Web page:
DR. CULLEN GRAY trudged through the Wy’East Day Lodge, his sore feet entombed in climbing boots he couldn’t wait to remove. His muscles ached after two grueling days on Mount Hood. But whatever he’d been through was worth it.
A climber had been rescued.
That trumped a night spent in a warm, comfy bed, a hot shower in the morning and a homemade breakfast complete with scrambled eggs, chicken-apple sausage and buttermilk pancakes with huckleberry syrup.
The smell of coffee wafted in the air, the aroma tickling Cullen’s cold nose and teasing his hungry, grumbling stomach. A jolt of caffeine would keep him going long enough to survive the rescue debriefing and the short drive home to Hood Hamlet.
Twenty feet in front of him, members of Oregon Mountain Search and Rescue, OMSAR, sat at a long cafeteria table with coffee cups in front of them. Backpacks, helmets and jackets were scattered on the floor.
Cullen was looking forward to taking off his backpack and sitting, if only for the length of the debriefing.
He passed a group of teenagers, students at the Hood Hamlet Snowboarding Academy, who laughed while they took a break from riding. A little girl, around six years old and dressed in pink from her helmet to her ski boots, wobbled away from the hot-chocolate machine holding a cup with both hands.
A few hours ago, a life had hung in the balance, cocooned inside a rescue litter attached by cables to a hovering helicopter. But down here, lower on the mountain, everything had continued as usual, as if what run to take on the slopes was the most important decision of the day. He much preferred being up there, though not
because of any element of danger or adrenaline rush. He took only calculated risks to help others and save lives.
Cullen lived simply in the quaint, Alpine-inspired village of Hood Hamlet. Work and the mountain comprised his life. Sometimes it was enough, other times not even close. But days like today reminded him why he did what he did, both as a doctor and as a volunteer mountain rescuer. Satisfaction flowed through his veins.
A successful mission.
It didn’t get much better than that. Well, unless the climber hadn’t fallen into the Bergschrund crevasse to begin with. But given the distance of the fall, the climber’s serious injuries and the technical nature of the rescue, Cullen thought Christmas magic—something Hood Hamlet was famous for—had been in play even though it was May, not December.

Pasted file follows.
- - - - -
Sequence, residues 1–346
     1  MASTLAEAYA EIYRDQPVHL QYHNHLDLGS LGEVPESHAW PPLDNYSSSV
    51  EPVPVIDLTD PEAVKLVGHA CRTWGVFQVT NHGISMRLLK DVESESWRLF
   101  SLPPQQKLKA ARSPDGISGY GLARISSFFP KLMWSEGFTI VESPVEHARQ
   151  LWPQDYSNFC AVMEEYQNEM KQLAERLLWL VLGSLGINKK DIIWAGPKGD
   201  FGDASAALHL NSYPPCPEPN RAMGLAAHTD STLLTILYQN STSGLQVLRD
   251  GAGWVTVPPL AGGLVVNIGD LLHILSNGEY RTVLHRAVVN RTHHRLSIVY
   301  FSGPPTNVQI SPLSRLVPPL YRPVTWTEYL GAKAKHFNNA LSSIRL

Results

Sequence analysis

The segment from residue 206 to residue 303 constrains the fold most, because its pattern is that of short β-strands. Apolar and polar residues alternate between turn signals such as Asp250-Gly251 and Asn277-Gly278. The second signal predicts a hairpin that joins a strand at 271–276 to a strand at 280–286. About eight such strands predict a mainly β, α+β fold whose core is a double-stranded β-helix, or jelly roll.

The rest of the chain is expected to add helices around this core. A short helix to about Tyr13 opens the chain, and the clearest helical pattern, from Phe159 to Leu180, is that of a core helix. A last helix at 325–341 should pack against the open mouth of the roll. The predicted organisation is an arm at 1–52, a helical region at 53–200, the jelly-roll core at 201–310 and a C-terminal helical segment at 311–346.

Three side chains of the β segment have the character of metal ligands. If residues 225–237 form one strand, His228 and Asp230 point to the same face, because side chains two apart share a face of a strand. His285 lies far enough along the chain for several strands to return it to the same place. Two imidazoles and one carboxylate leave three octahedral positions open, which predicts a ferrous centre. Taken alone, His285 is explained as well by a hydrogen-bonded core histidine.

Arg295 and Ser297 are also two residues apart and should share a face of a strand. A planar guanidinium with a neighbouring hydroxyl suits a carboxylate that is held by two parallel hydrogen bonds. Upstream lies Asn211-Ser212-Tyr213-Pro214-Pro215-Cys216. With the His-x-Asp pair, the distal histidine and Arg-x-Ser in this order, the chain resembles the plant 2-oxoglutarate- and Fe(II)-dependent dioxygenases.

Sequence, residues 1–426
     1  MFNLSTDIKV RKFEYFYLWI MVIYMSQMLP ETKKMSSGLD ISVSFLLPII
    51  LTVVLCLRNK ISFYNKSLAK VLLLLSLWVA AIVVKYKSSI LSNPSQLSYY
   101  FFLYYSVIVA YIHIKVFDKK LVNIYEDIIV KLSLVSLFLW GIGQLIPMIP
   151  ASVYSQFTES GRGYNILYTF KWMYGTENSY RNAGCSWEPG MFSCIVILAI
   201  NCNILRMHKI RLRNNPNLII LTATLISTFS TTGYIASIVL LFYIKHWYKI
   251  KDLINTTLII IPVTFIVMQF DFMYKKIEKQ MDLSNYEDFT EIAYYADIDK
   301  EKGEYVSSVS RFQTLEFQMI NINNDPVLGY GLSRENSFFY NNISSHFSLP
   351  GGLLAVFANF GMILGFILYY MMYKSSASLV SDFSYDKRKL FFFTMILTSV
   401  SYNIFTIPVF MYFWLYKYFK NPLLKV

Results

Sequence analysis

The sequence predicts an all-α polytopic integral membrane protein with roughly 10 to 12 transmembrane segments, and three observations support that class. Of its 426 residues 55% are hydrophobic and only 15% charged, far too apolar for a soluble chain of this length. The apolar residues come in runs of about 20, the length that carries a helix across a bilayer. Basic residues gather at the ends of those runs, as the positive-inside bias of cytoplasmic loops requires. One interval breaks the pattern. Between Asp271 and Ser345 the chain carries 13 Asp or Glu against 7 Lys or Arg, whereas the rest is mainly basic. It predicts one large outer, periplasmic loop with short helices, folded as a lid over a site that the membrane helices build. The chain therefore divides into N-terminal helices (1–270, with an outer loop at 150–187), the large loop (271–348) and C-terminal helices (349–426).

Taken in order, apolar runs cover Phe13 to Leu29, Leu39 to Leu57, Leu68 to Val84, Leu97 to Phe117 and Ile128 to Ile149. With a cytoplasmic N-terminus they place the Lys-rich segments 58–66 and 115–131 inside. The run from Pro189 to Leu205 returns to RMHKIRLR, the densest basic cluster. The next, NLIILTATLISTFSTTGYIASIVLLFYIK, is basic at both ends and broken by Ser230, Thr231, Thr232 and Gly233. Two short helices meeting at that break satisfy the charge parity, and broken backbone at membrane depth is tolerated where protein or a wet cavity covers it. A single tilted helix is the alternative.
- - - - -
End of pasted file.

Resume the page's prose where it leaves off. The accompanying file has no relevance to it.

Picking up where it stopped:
Either that or plain old dumb luck.
Cullen preferred thinking Christmas magic had been involved. Luck seemed too...random. He might be a doctor, but living here for almost a year had opened his mind. Not everything could be explained and proven scientifically. Sometimes patients defied their diagnosis and survived with no logical explanation.
As soon as he reached the table, he shrugged off his backpack. Gear rattled inside. Carabiners clinked on the outside. When the straps left his shoulders, relief shot straight to his toes.
The pack thudded against the floor. The sound echoed through the cafeteria and drew a few glances from the skiers, riders and tourists.
Let them look. Complain even. Nothing, not even his tight muscles or tiredness, could ruin this day.
He removed his black parka with the white block letters spelling RESCUE on the sleeve,
tucked it under one of the outside straps of his pack, then sat. His feet felt as if they were sighing in delight at not having to support any weight.
“Nice work up there, Doc.” Bill Paulson, another volunteer with OMSAR, sat on the opposite side of the table. He passed Cullen a cup of coffee from the extras sitting between them. “What you did in the Bergschrund to save that guy’s life...”
Cullen bent over to loosen his boots. He didn’t like anyone fussing over what he did, let alone another mountain rescuer. He didn’t want the praise. The result—a life saved—was payback enough. “All in a day’s work.”
“Maybe in the emergency department, but not down inside a crevasse.” Paulson raised his cup. “I’m buying the first round at the brewpub tonight.”
A beer was in order after this mission. “You’re on.”
Zoe Hughes, the pretty wife of OMSAR team leader Sean Hughes and an associate member herself, stood behind Cullen. “Want anything?”
Heat from the coffee cup warmed his cold fingers. “This is all I need right now.”
“Let me know when you want a refill.” Her wide smile reached all the way to her blue eyes. “Rumor has it you were a real hero up there today.”
He shifted in his seat. Some considered mountain rescue a reckless pursuit, but nothing could be further from the truth. Rescuer safety was the priority, no matter what the mission. “Just doing my job.”